Security Council Resolution 2068 does not break significant new ground. It reaffirms the Security Council’s prior resolutions and Presidential Statements and emphasizes certain key points which have appeared in prior resolutions. In particular, the Security Council:

  • condemns violations against children
  • calls on Member States to bring those responsible to justice
  • reiterates its readiness to adopt targeted and graduated measures
  • invites the Special Representative of the Secretary-General for Children and Armed Conflict to   brief the Security Council on the criteria for “delisting”   parties   from the lists of perpetrators of grave violations against children annexed to the Secretary-General’s annual report
  • reiterates its call to its Working Group to consider a broad range of actions against persistent perpetrators and
  • requests the Secretary-General to continue to submit annual reports

Resolution 2068 should not have been controversial as it largely repeats language which has been agreed unanimously by the Security Council in repeated prior resolutions. The abstaining delegations did not criticize the resolution as such, except for Pakistan which questioned the request to the Secretary-General to continue to submit annual reports to the Security Council. Rather, their criticisms focused on the inclusion in the Secretary-General’s report of certain situations of armed conflict, most notably the internal armed conflict with non-State actors in Pakistan. Delegations questioned whether the Secretary-General had the authority to include in his report situations not already on the agenda of the Security Council and whether inclusion of these situations constituted a legal determination of the existence of an armed conflict or legitimized the status of the parties to said conflict.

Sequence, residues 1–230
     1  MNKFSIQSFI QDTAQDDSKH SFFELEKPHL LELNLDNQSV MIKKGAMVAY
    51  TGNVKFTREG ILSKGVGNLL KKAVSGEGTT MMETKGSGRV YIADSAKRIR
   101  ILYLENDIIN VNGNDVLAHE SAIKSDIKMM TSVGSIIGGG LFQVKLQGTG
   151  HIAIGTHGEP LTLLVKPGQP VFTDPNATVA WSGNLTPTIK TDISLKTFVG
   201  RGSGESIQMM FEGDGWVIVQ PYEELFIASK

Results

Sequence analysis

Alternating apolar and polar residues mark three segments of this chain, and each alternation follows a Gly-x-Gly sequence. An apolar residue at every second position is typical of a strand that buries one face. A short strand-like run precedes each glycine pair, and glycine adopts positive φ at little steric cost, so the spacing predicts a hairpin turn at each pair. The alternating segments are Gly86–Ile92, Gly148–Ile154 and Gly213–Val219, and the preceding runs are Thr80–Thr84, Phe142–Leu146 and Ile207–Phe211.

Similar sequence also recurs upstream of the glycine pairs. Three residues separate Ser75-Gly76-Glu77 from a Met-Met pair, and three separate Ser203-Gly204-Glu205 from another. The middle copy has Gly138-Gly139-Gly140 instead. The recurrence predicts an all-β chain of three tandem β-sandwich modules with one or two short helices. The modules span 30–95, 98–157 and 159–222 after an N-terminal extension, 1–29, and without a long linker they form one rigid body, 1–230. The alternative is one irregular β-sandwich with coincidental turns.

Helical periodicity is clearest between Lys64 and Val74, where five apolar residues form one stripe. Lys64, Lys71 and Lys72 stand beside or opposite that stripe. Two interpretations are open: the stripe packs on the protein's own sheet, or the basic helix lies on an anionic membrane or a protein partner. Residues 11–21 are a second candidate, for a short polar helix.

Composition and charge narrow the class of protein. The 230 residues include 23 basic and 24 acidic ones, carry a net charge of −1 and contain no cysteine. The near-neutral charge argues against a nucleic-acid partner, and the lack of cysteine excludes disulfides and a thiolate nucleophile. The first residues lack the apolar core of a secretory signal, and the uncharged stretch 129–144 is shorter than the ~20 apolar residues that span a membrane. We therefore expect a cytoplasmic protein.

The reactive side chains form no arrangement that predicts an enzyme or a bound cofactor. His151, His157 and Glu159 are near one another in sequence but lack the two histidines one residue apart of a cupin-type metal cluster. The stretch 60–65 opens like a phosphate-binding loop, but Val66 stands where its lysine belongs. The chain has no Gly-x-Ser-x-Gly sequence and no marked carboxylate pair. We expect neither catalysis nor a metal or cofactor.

These criticisms of the Secretary-General’s report were fully and adequately (to the unanimous satisfaction of the Council in prior years) addressed by the Security Council in resolution 2068 and in its prior resolutions. Not only is the Secretary-General empowered under article 99 of the United Nations Charter to bring to the Council’s attention matters not on its agenda, but he has specifically been requested by the Council to include such situations in his reports ever since resolution 1379 was adopted unanimously by the Council in 2001.

Regarding the definition of armed conflict and the legal implications of including a situation within the Secretary-General’s report, the preamble to resolution 2068 repeats the language unanimously adopted by the Security Council in its resolutions 1539 (2004), 1612 (2005), 1882 (2009) and 1998 (2011), namely that “the present resolution does not seek to make any legal determination as to whether situations which are referred to in the Secretary-General’s report are or are not armed conflicts within the context of the Geneva Conventions and the Additional Protocols thereto, nor does it prejudge the legal status of the non-State parties involved in these situations”.